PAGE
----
The National Apprenticeship Promotion Scheme (NAPS) run by the government is witnessing a major increase. Over the past 3 years, total enrollment has tripled to touch 0.9 million in FY24.

Officials of the Ministry of Skill Development and Entrepreneurship (MSDE) said that this rapid growth is due to many factors. “Today, more than 3.2 million people have participated in apprenticeship programs. We have promoted apprenticeship training in more than 110 industries. clusters, covering one-third of the country’s districts, and 22 State Apprenticeship Monitoring Cells have been set up. Direct Benefit Transfer (DBT) of Wazifa has significantly boosted NAPS,” Atul said. MSDE Secretary Kumar Tiwari told FE.

Additionally, the ministry has actively engaged with multiple stakeholders to increase participation, including sending constant reminders to companies that hiring apprentices is mandatory, he said.

Currently, the scheme obliges all establishments with 30 or more workforce (regular and contract employees) to hire apprentices in the range of 2.5-15% of their workforce every year. For example, an establishment with a total strength of 100 has to engage a minimum of 3 apprentices and a maximum of 15. According to the scheme, there are 7 slabs under which apprentices are paid by their employers. It ranges from Rs 5,000-9,000 per month based on their qualifications. The government reimburses 25% of the stipend – up to a maximum of Rs 1,500 per month per apprentice – which all employers receive by engaging apprentices.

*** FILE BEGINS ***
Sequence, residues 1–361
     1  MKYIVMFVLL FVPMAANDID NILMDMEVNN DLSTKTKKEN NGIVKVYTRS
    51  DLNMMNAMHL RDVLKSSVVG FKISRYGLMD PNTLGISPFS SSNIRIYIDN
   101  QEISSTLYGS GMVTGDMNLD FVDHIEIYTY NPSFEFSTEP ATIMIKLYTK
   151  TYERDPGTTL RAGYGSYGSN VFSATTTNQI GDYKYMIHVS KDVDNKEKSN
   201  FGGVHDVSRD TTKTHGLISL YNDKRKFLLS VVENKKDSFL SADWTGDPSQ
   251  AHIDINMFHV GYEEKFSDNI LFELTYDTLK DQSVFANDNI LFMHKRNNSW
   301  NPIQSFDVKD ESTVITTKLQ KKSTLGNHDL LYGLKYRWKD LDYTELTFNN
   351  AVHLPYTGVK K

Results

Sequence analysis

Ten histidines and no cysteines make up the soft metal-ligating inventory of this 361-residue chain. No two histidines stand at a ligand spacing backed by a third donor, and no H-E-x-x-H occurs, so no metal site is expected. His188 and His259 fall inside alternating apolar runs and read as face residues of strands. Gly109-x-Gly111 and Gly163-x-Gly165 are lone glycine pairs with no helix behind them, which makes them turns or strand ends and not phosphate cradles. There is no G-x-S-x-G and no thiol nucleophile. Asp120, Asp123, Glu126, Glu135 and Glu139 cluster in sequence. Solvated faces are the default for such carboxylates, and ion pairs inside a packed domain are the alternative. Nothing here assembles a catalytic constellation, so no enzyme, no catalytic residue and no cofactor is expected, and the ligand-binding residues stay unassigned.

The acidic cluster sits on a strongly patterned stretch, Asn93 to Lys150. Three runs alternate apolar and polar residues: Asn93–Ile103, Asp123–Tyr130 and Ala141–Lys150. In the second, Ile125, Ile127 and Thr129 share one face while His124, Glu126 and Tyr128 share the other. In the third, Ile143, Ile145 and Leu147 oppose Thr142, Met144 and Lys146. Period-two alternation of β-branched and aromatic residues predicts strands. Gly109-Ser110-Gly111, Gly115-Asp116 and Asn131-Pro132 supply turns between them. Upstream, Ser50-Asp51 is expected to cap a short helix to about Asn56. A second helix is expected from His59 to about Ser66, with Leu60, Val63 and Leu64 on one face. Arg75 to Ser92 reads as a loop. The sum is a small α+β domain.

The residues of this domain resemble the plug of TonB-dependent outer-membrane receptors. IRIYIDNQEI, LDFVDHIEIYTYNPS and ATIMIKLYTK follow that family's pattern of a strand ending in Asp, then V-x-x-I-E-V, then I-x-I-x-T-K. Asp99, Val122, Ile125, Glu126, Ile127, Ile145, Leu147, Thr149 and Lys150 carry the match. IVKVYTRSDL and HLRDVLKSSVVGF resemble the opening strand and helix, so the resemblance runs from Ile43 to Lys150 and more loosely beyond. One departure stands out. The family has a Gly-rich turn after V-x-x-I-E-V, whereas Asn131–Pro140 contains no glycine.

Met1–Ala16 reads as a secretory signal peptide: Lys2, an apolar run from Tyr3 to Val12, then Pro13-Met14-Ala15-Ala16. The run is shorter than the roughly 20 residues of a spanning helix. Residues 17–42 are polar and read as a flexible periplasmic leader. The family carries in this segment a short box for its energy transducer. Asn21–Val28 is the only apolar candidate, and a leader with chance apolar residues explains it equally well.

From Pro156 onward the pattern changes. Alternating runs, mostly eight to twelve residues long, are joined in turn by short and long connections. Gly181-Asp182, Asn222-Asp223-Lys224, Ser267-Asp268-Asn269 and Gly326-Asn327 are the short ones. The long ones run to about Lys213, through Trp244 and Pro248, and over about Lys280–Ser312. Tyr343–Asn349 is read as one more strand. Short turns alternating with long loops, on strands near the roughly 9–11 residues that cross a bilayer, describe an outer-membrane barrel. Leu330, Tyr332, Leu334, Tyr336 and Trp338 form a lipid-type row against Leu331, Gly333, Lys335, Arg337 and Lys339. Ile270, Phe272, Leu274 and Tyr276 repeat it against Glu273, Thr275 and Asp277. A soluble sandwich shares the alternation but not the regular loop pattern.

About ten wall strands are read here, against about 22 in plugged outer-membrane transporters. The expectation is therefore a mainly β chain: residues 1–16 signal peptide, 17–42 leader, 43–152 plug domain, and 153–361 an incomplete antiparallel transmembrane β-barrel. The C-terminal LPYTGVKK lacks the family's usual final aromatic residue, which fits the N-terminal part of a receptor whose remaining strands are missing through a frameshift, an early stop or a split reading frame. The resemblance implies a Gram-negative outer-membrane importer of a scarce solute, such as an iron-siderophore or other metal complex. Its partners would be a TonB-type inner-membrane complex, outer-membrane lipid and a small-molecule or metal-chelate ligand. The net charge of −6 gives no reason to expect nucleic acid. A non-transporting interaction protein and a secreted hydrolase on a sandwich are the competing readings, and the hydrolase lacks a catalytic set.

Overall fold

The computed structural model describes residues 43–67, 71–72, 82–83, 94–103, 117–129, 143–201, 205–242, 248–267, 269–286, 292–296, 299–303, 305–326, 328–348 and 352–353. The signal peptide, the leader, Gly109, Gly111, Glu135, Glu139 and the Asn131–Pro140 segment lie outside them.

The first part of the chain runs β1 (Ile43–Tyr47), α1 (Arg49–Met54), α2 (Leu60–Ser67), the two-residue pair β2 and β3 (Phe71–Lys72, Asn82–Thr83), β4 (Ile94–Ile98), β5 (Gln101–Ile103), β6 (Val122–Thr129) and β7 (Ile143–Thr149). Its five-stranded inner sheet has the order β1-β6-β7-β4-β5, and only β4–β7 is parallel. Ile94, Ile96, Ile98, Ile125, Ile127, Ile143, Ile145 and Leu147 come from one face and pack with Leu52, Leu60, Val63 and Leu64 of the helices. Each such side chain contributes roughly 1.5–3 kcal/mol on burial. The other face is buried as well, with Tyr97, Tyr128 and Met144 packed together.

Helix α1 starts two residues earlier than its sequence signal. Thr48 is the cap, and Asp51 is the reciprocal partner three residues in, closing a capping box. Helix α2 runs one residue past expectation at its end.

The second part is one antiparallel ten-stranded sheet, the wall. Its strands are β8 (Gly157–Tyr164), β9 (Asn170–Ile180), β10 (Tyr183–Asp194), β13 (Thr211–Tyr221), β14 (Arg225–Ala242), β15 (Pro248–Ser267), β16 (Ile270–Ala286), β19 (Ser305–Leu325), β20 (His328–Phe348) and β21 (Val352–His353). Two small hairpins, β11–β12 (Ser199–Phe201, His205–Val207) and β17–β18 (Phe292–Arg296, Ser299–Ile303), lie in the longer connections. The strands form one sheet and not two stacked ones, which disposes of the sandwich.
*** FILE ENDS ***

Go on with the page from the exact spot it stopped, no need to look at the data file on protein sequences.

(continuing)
Although companies, especially in the private sector, are hiring apprentices in large numbers, stipends are given to candidates with courses linked to the National Skills Qualification Framework (NSQF). “Around 30% of apprentices are supported by stipends by those who opt for government assistance. In the next phase of NAPS, we expect this number to increase significantly,” Tiwari said.

In recent years, the MSDE has brought comprehensive changes in the Apprenticeship Act, 1961 and the Apprenticeship Rules (1992). For example, in 2019, it notified changes to the Apprenticeship Rules (1992) to increase the financial remuneration of apprentices.

Not only has the overall enrollment increased, but the participation of female apprentices has also increased significantly. For example, the percentage of female apprentices has increased from 18% in FY21 to 21% in FY24, highlighting a positive trend towards gender inclusion under the scheme. Launched in 2016, NAPS has about 0.26 million institutions registered, and the government has paid claims worth Rs 330 crore so far.



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